Pancreatic gross tumor volume contouring on computed tomography (CT) compared with magnetic resonance imaging (MRI): Results of an international contouring conference

William A. Hall, Hanne D. Heerkens, Eric S. Paulson, Gert J. Meijer, Alexis N. Kotte, Paul Knechtges, Parag J. Parikh, Michael F. Bassetti, Percy Lee, Katharine L. Aitken, Manisha Palta, Sten Myrehaug, Eugene J. Koay, Lorraine Portelance, Edgar Ben-Josef, Beth A. Erickson

Research output: Contribution to journalArticlepeer-review

18 Scopus citations


Purpose: Accurate identification of the gross tumor volume (GTV) in pancreatic adenocarcinoma is challenging. We sought to understand differences in GTV delineation using pancreatic computed tomography (CT) compared with magnetic resonance imaging (MRI). Methods and materials: Twelve attending radiation oncologists were convened for an international contouring symposium. All participants had a clinical and research interest in pancreatic adenocarcinoma. CT and MRI scans from 3 pancreatic cases were used for contouring. CT and MRI GTVs were analyzed and compared. Interobserver variability was compared using Dice's similarity coefficient (DSC), Hausdorff distances, and Jaccard indices. Mann-Whitney tests were used to check for significant differences. Consensus contours on CT and MRI scans and constructed count maps were used to visualize the agreement. Agreement regarding the optimal method to determine GTV definition using MRI was reached. Results: Six contour sets (3 from CT and 3 from MRI) were obtained and compared for each observer, totaling 72 contour sets. The mean volume of contours on CT was significantly larger at 57.48 mL compared with a mean of 45.76 mL on MRI, P =.011. The standard deviation obtained from the CT contours was significantly larger than the standard deviation from the MRI contours (P =.027). The mean DSC was 0.73 for the CT and 0.72 for the MRI (P =.889). The conformity index measurement was similar for CT and MRI (P =.58). Count maps were created to highlight differences in the contours from CT and MRI. Conclusions: Using MRI as a primary image set to define a pancreatic adenocarcinoma GTV resulted in smaller contours compared with CT. No differences in DSC or the conformity index were seen between MRI and CT. A stepwise method is recommended as an approach to contour a pancreatic GTV using MRI.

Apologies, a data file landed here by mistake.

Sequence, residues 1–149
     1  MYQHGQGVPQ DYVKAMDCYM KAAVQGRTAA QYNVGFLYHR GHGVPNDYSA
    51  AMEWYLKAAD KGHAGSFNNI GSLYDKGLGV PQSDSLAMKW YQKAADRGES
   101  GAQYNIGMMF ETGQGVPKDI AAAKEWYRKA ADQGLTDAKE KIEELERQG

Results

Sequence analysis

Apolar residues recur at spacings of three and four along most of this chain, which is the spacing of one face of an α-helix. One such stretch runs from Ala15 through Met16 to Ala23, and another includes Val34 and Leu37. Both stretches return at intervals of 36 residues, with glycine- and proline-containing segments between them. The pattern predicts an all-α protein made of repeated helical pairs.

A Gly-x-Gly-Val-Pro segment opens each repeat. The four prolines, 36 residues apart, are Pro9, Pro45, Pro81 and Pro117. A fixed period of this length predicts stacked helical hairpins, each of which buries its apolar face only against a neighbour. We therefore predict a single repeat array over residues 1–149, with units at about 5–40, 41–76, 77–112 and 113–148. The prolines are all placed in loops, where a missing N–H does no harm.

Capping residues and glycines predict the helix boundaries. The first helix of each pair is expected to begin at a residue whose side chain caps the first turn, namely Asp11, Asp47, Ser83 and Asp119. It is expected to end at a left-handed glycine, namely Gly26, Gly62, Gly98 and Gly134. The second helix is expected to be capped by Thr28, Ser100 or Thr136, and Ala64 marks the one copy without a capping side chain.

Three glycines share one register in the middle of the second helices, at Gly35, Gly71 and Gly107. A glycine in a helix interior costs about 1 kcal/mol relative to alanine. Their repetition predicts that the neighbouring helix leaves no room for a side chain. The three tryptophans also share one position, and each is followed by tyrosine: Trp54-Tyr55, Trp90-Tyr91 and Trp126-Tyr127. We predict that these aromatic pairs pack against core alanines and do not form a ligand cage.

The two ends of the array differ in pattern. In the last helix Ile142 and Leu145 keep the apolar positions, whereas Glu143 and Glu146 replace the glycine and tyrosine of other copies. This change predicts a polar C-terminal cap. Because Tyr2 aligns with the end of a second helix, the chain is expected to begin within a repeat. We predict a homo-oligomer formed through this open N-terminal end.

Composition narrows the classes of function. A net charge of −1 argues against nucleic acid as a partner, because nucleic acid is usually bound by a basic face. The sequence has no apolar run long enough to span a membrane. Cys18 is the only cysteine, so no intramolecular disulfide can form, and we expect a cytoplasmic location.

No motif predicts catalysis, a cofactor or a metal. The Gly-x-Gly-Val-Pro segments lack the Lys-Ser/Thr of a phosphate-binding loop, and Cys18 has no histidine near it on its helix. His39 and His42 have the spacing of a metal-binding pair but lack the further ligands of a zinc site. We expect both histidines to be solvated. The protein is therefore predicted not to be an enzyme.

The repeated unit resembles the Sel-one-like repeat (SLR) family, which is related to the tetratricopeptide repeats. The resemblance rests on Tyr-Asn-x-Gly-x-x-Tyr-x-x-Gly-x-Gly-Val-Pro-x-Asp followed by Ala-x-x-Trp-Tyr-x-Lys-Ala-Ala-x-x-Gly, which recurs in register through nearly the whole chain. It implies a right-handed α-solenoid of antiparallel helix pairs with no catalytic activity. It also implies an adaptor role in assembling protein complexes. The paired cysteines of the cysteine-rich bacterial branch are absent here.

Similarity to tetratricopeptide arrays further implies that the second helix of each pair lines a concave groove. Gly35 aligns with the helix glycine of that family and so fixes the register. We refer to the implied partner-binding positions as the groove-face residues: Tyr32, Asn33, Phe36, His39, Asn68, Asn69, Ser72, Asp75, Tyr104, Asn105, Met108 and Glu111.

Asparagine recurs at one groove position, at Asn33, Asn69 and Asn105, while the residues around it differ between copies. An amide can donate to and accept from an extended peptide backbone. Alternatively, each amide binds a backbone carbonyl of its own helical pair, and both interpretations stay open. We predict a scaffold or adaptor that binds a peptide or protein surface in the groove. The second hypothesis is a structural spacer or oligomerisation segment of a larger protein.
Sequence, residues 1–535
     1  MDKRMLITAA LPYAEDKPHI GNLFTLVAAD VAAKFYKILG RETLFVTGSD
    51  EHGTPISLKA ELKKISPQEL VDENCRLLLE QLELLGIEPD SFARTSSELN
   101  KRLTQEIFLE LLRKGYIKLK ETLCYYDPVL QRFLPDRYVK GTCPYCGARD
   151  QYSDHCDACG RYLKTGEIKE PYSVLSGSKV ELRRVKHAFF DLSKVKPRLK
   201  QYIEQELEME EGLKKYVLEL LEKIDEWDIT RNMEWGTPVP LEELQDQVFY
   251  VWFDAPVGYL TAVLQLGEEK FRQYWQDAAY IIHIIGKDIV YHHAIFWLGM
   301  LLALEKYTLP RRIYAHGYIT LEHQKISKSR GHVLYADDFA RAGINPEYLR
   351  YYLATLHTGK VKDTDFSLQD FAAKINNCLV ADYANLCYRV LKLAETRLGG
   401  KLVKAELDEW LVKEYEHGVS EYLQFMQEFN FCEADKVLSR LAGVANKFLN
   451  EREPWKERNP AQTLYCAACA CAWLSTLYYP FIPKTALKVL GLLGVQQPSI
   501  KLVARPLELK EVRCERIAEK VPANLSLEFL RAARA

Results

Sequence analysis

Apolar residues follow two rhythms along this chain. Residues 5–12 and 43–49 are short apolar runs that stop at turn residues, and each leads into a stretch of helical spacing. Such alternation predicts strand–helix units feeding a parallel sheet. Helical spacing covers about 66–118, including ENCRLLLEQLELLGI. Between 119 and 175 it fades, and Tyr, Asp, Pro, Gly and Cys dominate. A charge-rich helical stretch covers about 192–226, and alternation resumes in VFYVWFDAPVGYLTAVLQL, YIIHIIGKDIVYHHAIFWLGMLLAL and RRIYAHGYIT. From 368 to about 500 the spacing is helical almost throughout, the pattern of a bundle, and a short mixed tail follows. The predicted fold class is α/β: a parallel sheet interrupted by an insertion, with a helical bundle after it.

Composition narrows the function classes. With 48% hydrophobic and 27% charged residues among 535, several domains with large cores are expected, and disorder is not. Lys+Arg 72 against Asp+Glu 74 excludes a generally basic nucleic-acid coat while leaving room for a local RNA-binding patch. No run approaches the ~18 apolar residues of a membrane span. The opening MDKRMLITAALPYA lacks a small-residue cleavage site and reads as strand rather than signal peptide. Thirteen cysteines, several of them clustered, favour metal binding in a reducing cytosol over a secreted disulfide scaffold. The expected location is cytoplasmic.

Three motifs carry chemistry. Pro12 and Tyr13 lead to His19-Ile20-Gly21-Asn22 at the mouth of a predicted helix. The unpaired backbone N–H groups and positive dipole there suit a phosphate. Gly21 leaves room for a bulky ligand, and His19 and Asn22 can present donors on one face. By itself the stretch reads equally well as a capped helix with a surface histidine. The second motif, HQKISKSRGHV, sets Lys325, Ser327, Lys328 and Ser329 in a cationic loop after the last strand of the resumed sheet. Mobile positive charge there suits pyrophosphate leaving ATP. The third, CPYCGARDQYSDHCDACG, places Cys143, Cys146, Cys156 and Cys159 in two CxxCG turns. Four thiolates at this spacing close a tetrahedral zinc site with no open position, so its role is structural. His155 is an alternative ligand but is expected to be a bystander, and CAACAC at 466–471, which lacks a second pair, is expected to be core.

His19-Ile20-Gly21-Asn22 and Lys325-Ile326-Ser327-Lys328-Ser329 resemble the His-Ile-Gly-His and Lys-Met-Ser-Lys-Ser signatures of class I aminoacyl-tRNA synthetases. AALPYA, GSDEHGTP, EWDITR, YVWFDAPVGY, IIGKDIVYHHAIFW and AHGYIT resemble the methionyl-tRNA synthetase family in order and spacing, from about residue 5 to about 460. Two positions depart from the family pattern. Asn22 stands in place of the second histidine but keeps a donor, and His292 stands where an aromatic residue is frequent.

Original languageEnglish (US)
Pages (from-to)107-115
Number of pages9
JournalPractical Radiation Oncology
Issue number2
StatePublished - Feb 11 2018


  • Aged
  • Humans
  • Magnetic Resonance Imaging/methods
  • Male
  • Pancreatic Neoplasms/diagnostic imaging
  • Tomography, X-Ray Computed/methods

ASJC Scopus subject areas

  • Oncology
  • Radiology Nuclear Medicine and imaging


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